The Meadows Blog

Monday, 21 November 2011 19:00

Denial by Michael Cooter

Michael Cooter Michael Cooter

The current news coverage regarding the alleged sexual abuse perpetrated by Sandusky can potentially be activating of old memories for many men and women. Most people react with disgust, rage, and shame due to their own abuse histories that involve being sexual violated. Some others may find themselves acting out or acting in without consciousness of the trigger for their behavior. Regardless of the outcome of the Sandusky case, there is help and more importantly hope for survivors of sexual abuse. It is imperative to process thoughts and emotions regarding the abuse. Vital is for the individual to recognize that they did nothing to cause the abuse. They are not to blame. An Insidious feature of sexual abuse is for the victim to internalize and carry the shame of the shamelessness of the perpetrator. Feelings of shame and guilt are pervasive. Feelings of anger and rage often are expressed directly and indirectly to others. A classic question most, if not all, survivors ask is "what did I do to cause this to happen?" Men, in particular, have a greater propensity to express their emotions with rage, covert / hidden depression, and if the perpetrator was male - homophobia. Hope for the survivor comes with processing the abuse and engaging trauma treatment modalities such as EMDR and Somatic Experiencing to gain some resolution of what happened to them. Surviving sexual abuse, particularly from childhood experience, allows the individual to establish sanity in their lives, intimacy with loved ones. It affords the individual the opportunity to embrace the joy that can be found in life. Message to the survivor: "you did nothing wrong", "you did nothing wrong". Stepping out and accessing help in the form of counseling, peer support, or inpatient treatment is the first step in the journey of healing. You are not alone. Secrecy binds the individual to the trauma. Secrecy allows the abuse to continue. We all have a legal, moral, and ethical obligation to ensure the safety of all children. Report, report, report.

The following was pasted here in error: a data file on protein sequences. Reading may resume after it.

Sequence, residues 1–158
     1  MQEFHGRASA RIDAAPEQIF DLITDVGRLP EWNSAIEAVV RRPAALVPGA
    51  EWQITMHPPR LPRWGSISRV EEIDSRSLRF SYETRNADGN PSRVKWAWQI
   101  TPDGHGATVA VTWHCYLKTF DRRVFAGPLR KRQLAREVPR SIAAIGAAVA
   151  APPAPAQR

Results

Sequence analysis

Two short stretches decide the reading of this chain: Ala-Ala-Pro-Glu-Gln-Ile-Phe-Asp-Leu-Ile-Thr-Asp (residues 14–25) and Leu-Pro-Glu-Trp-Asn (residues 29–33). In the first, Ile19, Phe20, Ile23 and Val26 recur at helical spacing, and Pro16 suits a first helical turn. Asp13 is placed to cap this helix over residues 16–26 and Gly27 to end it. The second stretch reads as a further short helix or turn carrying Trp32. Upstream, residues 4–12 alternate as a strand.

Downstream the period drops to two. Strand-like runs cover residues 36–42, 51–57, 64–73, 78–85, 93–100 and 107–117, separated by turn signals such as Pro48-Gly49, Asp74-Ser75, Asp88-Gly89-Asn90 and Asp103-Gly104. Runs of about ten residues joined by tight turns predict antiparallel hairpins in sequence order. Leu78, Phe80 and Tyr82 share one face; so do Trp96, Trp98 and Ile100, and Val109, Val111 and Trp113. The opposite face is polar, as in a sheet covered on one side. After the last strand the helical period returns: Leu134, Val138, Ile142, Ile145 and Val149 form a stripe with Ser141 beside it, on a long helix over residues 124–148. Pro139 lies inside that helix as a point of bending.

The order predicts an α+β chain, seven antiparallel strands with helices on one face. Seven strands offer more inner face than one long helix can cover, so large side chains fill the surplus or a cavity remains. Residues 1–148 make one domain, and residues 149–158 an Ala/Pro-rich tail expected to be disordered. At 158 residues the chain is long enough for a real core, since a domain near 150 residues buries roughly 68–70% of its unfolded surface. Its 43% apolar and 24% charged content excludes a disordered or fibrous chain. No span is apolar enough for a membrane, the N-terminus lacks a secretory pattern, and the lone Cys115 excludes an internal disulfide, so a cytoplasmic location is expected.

Michael Cooter, MSSW, LCSW

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